American Association for Clinical Chemistry
Better health through laboratory medicine
Contemporary Issues In Fetal Lung Maturity Testing

David Grenache, PhD, MT(ASCP), DABCC, FACB

September 2009

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PRESENTATION

Testing for lung maturity is important in management of premature labor, hemolytic disease of the newborn, premature rupture of membranes, and any other clinical situations in which early delivery of the fetus would be considered. The results of these tests are used to determine whether to attempt to suppress labor or to induce delivery. If a neonate is delivered before the lungs have had time to fully mature, neonatal respiratory distress syndrome (RDS, also called hyaline membrane disease) may result. 

In this presentation, Dr. Grenache describes the pathophysiology and treatment of neonatal RDS; compares and contrast the different types of fetal lung maturity (FLM) tests, including surfactant/albumin ratio, PG by agglutination and thin-layer chromatography, lecithin/sphingomyelin ratio, and lamellar body count; discusses the clinical utility of the various FLM methods; and reviews current issues facing labs that employ fetal lung maturity tests.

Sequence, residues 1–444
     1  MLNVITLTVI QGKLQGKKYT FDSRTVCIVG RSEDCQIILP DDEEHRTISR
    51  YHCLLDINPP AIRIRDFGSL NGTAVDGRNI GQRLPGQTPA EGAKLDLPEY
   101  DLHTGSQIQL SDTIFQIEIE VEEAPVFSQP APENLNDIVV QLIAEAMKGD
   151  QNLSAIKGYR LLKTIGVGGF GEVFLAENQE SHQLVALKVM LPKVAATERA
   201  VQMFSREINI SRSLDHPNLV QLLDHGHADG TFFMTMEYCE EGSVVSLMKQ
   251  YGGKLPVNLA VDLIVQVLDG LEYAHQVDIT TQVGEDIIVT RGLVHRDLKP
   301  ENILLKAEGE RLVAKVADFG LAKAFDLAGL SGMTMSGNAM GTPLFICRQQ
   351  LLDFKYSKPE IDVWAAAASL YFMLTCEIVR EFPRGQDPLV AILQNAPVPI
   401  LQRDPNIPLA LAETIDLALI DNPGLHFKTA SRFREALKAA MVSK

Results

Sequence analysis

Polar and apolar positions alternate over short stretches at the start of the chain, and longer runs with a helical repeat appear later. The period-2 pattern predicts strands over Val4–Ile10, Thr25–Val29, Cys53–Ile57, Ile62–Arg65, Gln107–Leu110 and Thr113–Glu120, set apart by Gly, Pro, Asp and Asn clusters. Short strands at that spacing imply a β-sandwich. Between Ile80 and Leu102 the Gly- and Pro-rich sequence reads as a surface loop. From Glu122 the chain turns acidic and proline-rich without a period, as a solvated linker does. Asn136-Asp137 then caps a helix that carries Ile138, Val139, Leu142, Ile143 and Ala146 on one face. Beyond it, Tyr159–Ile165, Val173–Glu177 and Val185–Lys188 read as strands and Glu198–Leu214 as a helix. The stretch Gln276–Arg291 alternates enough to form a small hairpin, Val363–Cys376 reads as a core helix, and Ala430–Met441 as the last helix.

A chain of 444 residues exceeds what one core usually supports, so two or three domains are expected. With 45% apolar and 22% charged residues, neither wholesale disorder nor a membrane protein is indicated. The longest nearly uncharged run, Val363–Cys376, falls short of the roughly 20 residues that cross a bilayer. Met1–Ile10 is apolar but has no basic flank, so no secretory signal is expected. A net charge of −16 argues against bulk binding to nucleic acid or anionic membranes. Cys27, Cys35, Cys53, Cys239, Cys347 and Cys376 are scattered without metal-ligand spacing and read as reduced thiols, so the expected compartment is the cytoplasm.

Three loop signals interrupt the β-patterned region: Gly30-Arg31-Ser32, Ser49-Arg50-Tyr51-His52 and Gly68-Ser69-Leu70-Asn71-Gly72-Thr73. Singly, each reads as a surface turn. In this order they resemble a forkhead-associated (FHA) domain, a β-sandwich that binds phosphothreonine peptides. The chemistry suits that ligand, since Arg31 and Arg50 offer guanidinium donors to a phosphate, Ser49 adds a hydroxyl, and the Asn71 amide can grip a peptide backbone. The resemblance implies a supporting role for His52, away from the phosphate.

BIOGRAPHY

Dr. Grenache is an Assistant Professor of Pathology at the University of Utah Health Sciences Center and the Medical Director of the Special Chemistry laboratory at ARUP Laboratories in Salt Lake City, Utah. Dr. Grenache received his BA in Biology and BS in Medical Technology from the Massachusetts College of Liberal Arts in North Adams, MA, and his PhD in Biomedical Sciences from Worcester Polytechnic Institute in Worcester, MA. He completed his postdoctoral training in clinical chemistry at Washington University School of Medicine in St. Louis, MO.

A member of AACC since 1994, Dr. Grenache has served in a number of capacities including chair of the North Carolina local section, chair of the Society for Young Clinical Laboratorians, member of the two Annual Meeting Organizing Committees, and chair of the National Membership Committee. He currently serves on the board of editors of Clinical Laboratory News and is the delegate for the Rocky Mountain local section. Dr. Grenache is a diplomate of the American Board of Clinical Chemistry and serves on its board of directors. He is also a fellow of the National Academy of Clinical Biochemistry.

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